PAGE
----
“Pain insists upon being attended to. God whispers to us in our pleasures, speaks in our consciences, but shouts in our pains. It is his megaphone to rouse a deaf world.” C.S. Lewis

Forget about cougars, the monster tree almost got me this morning!
This whole ultramarathon training process has been going really well up until now.  Amazingly well actually.  I've had no pain, no injuries, and I've been following good advice for recovery.  That is, until last Tues, 5 days ago.  I said I wanted to gain experience as a physio in the personal pain department.  Well here it is.

I have an old hamstring/sciatic nerve injury from about 2 years ago that occasionally gives me some grief, usually in the first 2-4 weeks of increasing mileage during a periodization period.  Then it disappears with a few physio sessions and when my body adapts to the mileage, but I am left with a chronically stiffer R posterior chain (back, buttock, hamstring).

Last Tues I was running my first time after a significant increase in "time on feet" and mileage.  It was to be an 8K tempo run.  I do these runs in town right after work and was about 3 minutes into my run (not warmed up yet) when I turned to cross the street and caught my left toe on a man hole cover.  Yes, after running hours in gnarly trails, a man hole cover got me.  That sent me flying into a dramatic lunge with my right leg as I tried to avoid plastering my "oh-so-valuable physio hands" and of course, my iPhone, into the pavement.  I felt a searing pain in my R hamstring and buttock.  Nothing popped, but oh did it hurt.  I had had a bad day at work and really needed that run for emotional medicine.  I thought that I had just torn my hamstring and almost burst into tears.  But after walking a few steps, then jogging with very short stride and high cadence, the pain subsided a little and I ran on.  I finished the 8K with a good tempo pace. Maybe not so wise, but it forced to me work on cadence as I couldn't stretch out my R leg at all.

That meds (reminder that current research does not support NSAIDS as a good treatment for running injuries), no stretching as I felt that the muscle had been yanked enough and needed to be left alone.  Went to bed and woke with burning pain from butt to ankle. Darn.

The next day I was worried. Really worried.  I thought it was all over.  I checked for bruising on the back of my leg, but thankfully there was none! I did acupuncture on myself (yes, I'm certified), gently stretched.  After explaining my issues to my coach and saying that I was going to take the day off, she suggested light cycling that day.  I should have thought of that, as it's totally what we learned in our recent running course.  Relative rest.  I had 6K easy on the schedule, so I biked 10K or 30 minutes, which I thought equaled a 6K easy run.  I kept it light, spinning with no pain allowed, and it felt great! I got off that bike totally buoyant with renewed energy.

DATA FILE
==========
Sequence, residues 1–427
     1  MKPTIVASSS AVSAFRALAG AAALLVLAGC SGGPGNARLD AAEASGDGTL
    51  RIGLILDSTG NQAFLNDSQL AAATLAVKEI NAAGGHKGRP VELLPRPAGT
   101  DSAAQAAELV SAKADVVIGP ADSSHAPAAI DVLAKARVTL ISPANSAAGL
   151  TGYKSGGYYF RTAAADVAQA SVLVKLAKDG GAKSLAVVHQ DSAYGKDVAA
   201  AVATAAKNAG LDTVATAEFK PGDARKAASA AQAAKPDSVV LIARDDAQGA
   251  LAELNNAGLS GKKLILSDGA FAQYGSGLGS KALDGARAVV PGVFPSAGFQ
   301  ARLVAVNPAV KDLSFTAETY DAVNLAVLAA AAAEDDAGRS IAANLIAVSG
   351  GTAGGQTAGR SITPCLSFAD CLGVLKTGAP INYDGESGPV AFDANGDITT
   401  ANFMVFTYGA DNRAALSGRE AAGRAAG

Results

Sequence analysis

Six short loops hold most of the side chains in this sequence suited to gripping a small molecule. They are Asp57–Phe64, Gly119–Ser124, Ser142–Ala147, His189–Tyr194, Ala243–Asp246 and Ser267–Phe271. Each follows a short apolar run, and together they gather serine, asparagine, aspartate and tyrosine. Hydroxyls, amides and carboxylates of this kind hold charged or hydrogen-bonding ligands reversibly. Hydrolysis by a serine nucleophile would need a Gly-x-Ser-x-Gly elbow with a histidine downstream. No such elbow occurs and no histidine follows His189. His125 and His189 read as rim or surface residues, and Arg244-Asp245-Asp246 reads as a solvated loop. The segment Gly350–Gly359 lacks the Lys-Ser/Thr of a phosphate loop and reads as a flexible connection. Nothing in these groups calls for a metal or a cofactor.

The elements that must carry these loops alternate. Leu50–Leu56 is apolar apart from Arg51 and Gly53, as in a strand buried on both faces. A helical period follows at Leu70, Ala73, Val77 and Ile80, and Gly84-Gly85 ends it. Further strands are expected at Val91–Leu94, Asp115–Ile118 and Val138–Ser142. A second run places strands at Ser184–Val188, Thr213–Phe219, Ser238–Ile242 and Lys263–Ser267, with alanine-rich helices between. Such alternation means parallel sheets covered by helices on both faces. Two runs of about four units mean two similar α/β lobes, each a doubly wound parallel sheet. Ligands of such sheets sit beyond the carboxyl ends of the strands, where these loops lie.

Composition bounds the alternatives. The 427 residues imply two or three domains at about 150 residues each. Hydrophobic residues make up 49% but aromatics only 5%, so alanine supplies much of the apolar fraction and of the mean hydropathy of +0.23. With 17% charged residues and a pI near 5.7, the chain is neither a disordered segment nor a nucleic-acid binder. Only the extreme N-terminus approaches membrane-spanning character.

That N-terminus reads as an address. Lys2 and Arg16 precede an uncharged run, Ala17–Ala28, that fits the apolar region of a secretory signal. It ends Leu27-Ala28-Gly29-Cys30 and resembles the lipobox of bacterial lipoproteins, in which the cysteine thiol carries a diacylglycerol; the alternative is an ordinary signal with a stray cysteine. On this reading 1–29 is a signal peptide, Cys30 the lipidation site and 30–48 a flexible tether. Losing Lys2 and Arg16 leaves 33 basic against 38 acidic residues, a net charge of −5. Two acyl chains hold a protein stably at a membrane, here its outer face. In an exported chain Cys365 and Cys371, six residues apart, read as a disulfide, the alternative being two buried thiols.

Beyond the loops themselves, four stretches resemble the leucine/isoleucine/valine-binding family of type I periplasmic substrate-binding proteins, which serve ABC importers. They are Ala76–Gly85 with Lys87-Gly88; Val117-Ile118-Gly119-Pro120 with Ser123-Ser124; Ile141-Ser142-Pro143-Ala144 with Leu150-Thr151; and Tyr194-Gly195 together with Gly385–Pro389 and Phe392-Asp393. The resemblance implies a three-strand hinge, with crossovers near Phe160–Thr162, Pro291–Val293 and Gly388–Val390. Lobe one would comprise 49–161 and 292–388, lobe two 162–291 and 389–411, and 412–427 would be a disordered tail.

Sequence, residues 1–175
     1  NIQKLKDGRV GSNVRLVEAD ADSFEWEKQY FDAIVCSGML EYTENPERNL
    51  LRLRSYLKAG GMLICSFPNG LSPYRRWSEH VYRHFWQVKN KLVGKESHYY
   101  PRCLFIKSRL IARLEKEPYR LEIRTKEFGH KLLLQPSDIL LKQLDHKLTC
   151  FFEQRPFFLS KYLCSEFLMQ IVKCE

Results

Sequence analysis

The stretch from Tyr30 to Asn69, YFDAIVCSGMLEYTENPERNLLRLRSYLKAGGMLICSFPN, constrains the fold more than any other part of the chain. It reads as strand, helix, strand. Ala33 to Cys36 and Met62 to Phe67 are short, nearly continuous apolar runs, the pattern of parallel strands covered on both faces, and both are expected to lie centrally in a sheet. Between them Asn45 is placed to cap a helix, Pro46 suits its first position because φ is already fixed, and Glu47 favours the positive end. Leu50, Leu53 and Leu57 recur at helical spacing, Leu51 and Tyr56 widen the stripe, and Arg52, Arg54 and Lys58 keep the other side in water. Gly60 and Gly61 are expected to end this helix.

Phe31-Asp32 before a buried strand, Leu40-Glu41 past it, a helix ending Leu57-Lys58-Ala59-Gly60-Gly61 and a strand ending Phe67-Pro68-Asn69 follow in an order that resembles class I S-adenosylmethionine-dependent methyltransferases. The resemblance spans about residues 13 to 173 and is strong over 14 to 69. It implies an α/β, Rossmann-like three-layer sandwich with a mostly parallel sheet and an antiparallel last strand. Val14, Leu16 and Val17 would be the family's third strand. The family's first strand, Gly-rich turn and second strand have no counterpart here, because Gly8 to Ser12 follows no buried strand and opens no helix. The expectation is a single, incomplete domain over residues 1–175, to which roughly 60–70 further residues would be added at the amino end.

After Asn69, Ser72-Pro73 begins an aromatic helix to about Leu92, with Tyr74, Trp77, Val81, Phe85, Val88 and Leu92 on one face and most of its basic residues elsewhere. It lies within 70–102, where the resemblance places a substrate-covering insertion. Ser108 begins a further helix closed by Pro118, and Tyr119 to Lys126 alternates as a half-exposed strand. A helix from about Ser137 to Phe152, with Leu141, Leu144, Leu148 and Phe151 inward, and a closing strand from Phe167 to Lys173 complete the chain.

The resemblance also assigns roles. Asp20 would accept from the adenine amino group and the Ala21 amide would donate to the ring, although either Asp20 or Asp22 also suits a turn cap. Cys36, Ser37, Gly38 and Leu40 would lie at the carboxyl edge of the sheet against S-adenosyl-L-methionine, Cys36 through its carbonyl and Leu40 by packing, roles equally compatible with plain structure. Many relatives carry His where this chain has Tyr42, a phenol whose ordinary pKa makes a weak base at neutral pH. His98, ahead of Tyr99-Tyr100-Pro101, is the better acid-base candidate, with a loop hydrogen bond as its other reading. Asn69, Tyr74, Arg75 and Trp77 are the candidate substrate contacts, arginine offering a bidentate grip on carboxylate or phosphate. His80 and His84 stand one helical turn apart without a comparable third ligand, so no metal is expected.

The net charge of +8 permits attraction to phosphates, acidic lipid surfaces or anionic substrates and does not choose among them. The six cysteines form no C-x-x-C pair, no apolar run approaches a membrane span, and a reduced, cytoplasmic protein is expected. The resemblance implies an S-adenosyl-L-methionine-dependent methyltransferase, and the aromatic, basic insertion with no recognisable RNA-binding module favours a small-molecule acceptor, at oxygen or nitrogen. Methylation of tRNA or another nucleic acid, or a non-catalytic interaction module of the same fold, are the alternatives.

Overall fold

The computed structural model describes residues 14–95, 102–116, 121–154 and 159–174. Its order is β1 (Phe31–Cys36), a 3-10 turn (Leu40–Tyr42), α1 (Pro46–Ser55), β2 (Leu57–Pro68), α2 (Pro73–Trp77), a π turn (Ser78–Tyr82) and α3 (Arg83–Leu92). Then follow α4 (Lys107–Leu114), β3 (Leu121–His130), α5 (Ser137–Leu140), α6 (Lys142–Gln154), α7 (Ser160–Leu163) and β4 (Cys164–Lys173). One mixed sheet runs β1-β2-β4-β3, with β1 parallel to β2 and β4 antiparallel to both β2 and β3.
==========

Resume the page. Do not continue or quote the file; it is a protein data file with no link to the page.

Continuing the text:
The next morning I felt ok, a little tight but ok.  I had a long hill climb on the schedule and woke at 5:00 am to do 1km hill repeats on a long hill in town by headlamp.  The benefit of darkness allowed me the luxury of going slow and not freaking out about how long the hill was.  My mantra was "short stride, high cadence, no pain."  And it worked!

I am proud to say I followed the "Quantification of Stress" formula from The Running Clinic:
1) Apply stress not greater than 2-3/10 pain
2) Pain must return to baseline 30-60 min post-exercise.
3) No morning stiffness greater than the previous morning.

And I am happy to say that after a shorter 16K run today with some nice hills on my down week, my hamstring is only a little cranky and I'm going to be ok.  I am convinced that it's not only my hamstring but also my sciatic nerve, so will do some physio magic on that this week.  I feel like I narrowly escaped a show-stopper and that it's not over yet.  I'm going to take it easy this week as well to make sure I'm ready for 40K next Sunday.  Here's to a human body that heals!

Here's a quote from yours truly:  
"The human body will heal if you give it the conditions in which to do so." 
And there-in lies the science and the art of recovery.

Weekly Tally:
Distance: 68.4K
Elevation climb: 2194m
Time spent: 7:17
Pain level: at worst: 7/10  at best: 1/10